With crowded Riverside County jails on pace to grant early releases to more than 3,000 inmates this year, Sheriff Bob Doyle plans to ask county supervisors to build a massive jail complex designed to expand with the county's population.
"I need 600 beds right now to stop our early releases," Doyle said. "We've got to do something. I don't like it better than anyone else that we have so many inmates walking out early, but it's a result of our growth, and this is a need we've seen coming for years."
The most likely location for the jail is western Riverside County, although that remains undecided, and supervisors were quick to allay expected concerns from residents reluctant to live near one.
Any new jail must be "compatible with the area it goes into," said Supervisor Marion Ashley, adding that the county is "not going to just jam it in."
Supervisor Jeff Stone warned against building a jail "sitting in the backyard of people's homes" and said it might be a better idea to expand an existing jail in a remote desert area. Supervisors Roy Wilson and Bob Buster mentioned industrial areas as potential sites.
Doyle said the site would have to be large enough to accommodate what could ultimately be a 4,500-bed jail -- 700 beds to start -- and should be on county land near a freeway, for easy transport to courts. He said a voter-approved bond measure would probably be needed to pay for most of the facility, which would cost an estimated $52 million as a starting 700-bed facility. He said it could probably be built within two years.
At any one time, the county houses 3,200 inmates at jails in downtown Riverside, near Murrieta, and in Banning, Indio and Blythe. Doyle said the jails are "at or near full capacity" every day.
Though they have not yet received the sheriff's detailed report, members of the Board of Supervisors say they favor action to stem the tide of criminals leaving jail before their sentences are complete.
"The No. 1 job that a supervisor has is to provide for the public safety," Ashley said. "It's our job to support [the sheriff and the district attorney] and provide the means and the facilities they need to carry out their job."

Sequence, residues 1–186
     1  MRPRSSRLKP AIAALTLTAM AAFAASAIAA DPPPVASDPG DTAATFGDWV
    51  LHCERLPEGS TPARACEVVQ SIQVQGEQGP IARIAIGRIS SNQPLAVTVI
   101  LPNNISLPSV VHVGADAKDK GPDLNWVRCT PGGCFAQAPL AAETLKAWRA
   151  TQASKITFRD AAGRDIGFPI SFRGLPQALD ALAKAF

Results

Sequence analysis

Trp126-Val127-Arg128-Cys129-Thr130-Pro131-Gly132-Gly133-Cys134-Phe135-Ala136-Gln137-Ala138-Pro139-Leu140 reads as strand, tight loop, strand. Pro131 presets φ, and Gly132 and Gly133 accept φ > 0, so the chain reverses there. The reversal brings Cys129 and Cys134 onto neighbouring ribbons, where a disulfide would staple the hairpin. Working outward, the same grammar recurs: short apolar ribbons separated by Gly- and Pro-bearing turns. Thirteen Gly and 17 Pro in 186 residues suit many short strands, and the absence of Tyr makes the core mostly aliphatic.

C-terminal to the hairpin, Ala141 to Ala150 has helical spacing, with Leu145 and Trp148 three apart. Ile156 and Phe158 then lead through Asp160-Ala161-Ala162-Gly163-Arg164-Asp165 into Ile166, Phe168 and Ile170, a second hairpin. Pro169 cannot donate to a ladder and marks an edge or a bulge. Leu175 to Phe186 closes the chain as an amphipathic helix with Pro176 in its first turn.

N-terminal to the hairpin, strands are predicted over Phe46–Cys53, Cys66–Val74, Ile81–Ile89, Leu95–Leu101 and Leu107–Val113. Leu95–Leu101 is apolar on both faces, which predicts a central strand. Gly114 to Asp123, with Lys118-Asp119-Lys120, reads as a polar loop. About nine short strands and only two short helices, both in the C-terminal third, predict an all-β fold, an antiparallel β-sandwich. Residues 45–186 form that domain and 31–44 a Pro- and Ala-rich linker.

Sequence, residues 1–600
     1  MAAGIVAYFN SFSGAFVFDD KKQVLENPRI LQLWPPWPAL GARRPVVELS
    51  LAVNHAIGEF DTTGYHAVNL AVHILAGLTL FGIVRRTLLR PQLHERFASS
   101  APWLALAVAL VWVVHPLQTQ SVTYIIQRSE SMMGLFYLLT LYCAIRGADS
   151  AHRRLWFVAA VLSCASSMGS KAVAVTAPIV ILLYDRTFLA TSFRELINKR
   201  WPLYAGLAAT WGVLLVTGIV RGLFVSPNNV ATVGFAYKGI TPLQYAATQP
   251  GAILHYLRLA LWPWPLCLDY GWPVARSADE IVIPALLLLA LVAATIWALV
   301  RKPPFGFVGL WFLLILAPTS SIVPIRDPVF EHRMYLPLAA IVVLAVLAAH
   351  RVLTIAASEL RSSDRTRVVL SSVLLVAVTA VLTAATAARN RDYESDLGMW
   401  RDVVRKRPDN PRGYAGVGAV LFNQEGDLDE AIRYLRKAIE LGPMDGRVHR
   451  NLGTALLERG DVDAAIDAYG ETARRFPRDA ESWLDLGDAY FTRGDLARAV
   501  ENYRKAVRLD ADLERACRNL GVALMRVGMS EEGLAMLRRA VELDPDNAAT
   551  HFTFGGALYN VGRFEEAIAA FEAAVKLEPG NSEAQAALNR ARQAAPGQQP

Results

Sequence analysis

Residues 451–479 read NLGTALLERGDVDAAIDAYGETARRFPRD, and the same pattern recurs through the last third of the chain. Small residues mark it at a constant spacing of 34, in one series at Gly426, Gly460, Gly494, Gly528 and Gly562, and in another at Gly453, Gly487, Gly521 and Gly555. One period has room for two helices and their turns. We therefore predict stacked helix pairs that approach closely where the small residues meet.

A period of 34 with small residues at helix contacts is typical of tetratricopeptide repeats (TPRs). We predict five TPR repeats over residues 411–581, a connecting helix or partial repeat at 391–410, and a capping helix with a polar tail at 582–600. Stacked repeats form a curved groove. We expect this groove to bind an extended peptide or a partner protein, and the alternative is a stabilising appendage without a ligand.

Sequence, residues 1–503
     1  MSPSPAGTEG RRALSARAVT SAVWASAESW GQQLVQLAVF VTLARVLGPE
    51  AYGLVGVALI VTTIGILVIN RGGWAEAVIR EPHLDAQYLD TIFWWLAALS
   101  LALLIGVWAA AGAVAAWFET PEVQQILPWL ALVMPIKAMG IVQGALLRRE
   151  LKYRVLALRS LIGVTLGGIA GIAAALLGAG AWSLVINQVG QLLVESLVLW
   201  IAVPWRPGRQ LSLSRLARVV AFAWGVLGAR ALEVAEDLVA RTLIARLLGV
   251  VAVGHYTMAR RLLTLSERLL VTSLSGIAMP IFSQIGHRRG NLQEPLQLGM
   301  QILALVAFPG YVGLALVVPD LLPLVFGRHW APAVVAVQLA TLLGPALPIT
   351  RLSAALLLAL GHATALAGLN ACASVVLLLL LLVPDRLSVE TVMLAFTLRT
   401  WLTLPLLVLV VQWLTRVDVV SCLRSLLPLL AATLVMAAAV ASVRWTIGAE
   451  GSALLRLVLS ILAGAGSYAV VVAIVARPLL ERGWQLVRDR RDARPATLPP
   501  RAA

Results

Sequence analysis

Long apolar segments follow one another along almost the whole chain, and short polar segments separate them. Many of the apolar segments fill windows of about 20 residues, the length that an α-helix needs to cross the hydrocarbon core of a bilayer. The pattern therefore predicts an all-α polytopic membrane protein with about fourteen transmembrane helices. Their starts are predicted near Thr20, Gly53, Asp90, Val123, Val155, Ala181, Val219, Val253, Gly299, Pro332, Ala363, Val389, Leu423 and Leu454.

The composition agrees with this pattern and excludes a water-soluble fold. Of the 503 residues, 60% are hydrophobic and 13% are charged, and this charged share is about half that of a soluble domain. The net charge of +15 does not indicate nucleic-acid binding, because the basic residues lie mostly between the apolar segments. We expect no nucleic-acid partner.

How the county will pay for the new facility has not been determined, but Ashley suggested that some combination of bonds, county reserve funds or state and federal money could help pay for the jail, and Stone said increased county booking fees could offset some construction costs.
Doyle plans to present the proposal to the supervisors at their Sept. 27 meeting.
The early release of inmates and plans for new jail beds have been a recent political flashpoint between Doyle and Stone, a first-term supervisor from Temecula.
Stone has advocated reopening the abandoned Eagle Mountain state prison between Indio and Blythe. At a contentious July board meeting, he also suggested dormitory-style temporary structures or military-type tent cities.
"If we can move people out to a facility like Eagle Mountain, we will free up some of the brick-and-mortar cells.... We could have a prison online, ready to go," Stone said after the meeting. "Heaven forbid one of these early releases causes a heinous crime."
Doyle strongly opposes Stone's plan. The sheriff said the dormitory-style housing at Eagle Mountain would create a dangerous environment for prisoners and guards. During Eagle Mountain's final seven years of operation, riots there resulted in the deaths of three inmates.
"[Stone's] suggestion was a quick fix to a complex problem," Doyle said. "We don't have the type of inmate to put into a communal, dormitory facility."
Local officials say inmate crowding will only worsen as Riverside and San Bernardino counties continue their rapid growth.
Riverside County's population is expected to expand 83% in the next 20 years to 2.8 million; San Bernardino is projected to grow by two-thirds to nearly 2.8 million, according to the Southern California Assn. of Governments.
"It's going to be a continuing, ongoing situation," Ashley said. "We're going to have to be constantly siting, planning, processing, financing, building jails" for the next 20 years.
Riverside County's early release of 5.6% of its inmates in 2004 pales in comparison with other Southern California counties. According to the state Department of Corrections, San Bernardino County gave early release to 48.7% of its 77,419 inmates last year; Los Angeles County granted early release to more than 35,000 of its 179,000 inmates, or 19.6%; and Orange County allowed 9.6% of its 65,798 inmates to leave early, before trial or before their sentences expired.
San Bernardino County will reopen a former state prison in Adelanto as a 700-bed jail in January. A spokeswoman for the county Sheriff's Department said the county was determining the potential cost of building another jail. The county's three existing jails have 6,000 beds.